Oxford Research was a part of a project team that conducted a cross-Nordic study on the economic influence of standards. The macroeconomic modelling suggest that standardization is associated with remarkable portion of economic growth in the 40-year period covered in the study.

The pan-Nordic research team was led by Menon Economics from Norway and alongside Oxford Research offices in the Nordics it also included Social Science Research Institute of the University of Iceland. In the report the impact of voluntary consensus standards on economic growth is studied in the five Nordic countries: Sweden, Finland, Norway, Denmark and Iceland.

The research used two complementary methods. Macroeconomic approach is an econometric estimation of a productivity model including stock of standards as an explanatory variable covering all five Nordic countries during the examined time span of 1976–2014. Company level approach included a comprehensive business survey on the benefits of standardization covering 1 179 Nordic companies with prior experience from the use of standards and case studies based on in-depth interviews with companies in different industries and countries throughout the Nordic region.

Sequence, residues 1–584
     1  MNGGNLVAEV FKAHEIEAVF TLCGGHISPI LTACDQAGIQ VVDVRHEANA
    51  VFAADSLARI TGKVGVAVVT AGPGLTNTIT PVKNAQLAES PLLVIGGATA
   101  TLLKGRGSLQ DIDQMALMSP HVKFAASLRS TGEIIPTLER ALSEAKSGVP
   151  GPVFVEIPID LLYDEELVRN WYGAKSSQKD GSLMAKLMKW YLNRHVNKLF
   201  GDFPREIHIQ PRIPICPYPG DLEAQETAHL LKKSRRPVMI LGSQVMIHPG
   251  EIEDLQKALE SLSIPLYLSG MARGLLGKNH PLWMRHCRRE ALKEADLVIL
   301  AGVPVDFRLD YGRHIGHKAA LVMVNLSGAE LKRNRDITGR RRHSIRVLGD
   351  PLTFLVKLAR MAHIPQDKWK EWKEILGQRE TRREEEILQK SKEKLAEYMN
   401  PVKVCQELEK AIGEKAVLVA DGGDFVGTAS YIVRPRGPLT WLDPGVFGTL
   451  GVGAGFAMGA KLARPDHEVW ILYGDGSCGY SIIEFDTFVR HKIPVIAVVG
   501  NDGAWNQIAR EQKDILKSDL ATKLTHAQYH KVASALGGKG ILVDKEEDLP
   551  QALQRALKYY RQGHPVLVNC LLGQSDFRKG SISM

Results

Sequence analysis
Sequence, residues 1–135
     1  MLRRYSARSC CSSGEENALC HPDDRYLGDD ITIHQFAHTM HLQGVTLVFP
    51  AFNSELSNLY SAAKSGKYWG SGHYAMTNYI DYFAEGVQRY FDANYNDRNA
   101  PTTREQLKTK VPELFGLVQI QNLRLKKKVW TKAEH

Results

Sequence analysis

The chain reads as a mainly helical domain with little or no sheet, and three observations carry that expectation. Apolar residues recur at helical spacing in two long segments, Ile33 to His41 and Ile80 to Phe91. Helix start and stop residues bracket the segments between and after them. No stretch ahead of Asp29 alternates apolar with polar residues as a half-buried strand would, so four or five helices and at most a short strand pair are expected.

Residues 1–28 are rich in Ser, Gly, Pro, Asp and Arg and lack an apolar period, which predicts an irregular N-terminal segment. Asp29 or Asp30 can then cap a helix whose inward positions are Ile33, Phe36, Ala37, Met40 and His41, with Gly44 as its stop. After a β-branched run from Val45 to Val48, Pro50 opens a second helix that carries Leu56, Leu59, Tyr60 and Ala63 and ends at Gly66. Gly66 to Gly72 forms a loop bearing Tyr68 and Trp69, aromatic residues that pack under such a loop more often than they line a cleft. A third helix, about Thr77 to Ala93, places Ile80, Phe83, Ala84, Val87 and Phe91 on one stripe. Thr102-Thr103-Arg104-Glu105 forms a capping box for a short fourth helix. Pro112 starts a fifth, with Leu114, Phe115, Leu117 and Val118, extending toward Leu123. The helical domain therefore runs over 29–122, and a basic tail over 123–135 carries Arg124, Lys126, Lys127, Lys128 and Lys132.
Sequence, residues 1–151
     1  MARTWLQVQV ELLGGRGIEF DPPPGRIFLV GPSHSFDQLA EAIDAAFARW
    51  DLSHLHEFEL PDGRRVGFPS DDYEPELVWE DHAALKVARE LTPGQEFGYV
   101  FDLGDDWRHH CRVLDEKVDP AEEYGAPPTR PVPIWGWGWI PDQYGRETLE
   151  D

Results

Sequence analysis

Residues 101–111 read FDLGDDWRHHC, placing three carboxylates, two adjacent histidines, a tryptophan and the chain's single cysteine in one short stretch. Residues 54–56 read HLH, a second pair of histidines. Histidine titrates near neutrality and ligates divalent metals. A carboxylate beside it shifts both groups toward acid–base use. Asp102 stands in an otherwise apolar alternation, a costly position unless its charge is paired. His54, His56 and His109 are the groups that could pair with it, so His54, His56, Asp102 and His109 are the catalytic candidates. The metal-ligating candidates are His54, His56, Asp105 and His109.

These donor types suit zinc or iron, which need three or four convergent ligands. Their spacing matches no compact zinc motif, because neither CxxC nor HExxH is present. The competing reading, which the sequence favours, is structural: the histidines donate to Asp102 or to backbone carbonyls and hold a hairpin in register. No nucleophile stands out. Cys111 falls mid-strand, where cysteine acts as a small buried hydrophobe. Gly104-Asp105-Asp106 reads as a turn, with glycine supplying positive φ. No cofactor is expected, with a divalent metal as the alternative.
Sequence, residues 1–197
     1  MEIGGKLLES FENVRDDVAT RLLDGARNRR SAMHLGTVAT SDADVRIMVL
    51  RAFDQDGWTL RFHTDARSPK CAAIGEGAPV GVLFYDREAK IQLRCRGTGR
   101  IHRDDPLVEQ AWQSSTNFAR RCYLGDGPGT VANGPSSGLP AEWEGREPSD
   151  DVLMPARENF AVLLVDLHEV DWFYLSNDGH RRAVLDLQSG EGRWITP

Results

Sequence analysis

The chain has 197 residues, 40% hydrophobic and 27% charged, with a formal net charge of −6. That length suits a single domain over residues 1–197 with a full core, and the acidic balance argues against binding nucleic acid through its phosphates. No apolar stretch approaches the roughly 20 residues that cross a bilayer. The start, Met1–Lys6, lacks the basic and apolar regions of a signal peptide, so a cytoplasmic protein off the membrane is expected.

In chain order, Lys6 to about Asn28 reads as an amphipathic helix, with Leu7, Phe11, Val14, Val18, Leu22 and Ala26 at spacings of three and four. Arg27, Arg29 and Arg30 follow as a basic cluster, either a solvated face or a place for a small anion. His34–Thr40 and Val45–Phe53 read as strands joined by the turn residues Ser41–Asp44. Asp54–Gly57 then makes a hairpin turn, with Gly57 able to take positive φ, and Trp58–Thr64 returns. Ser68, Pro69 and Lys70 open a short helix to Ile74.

The macroeconomic modelling shows that standardization has contributed to increased labour productivity in all of the Nordic countries. The estimates suggest that standardization is associated with as much as 39 percent of the labour productivity growth and 28 percent of GDP growth in the Nordic countries during the period covered in the study. The findings are impressive, but still need to be interpreted with caution. The company level approach revealed that a large majority of the companies (87 percent) consider standardization an important part of their future business plans, supporting the hypothesis that standardization is an important business tool in the modern economy.

Overall, standardization has undoubtedly improved economic performance, facilitated improved user experiences, and contributed to safer and more environmentally friendly work environments. An important reason why the positive association between growth in standards and productivity is so robust across countries in the past is most likely that the use of standards addresses specific recurring problems in the market. As technological development continues, yielding new industries with innovative products and solutions, new recurring problems will arise, so there is reason to believe that the importance of standards and their coordinating role in the market is likely to increase in the future.

Report can be downloaded by clicking the picture below: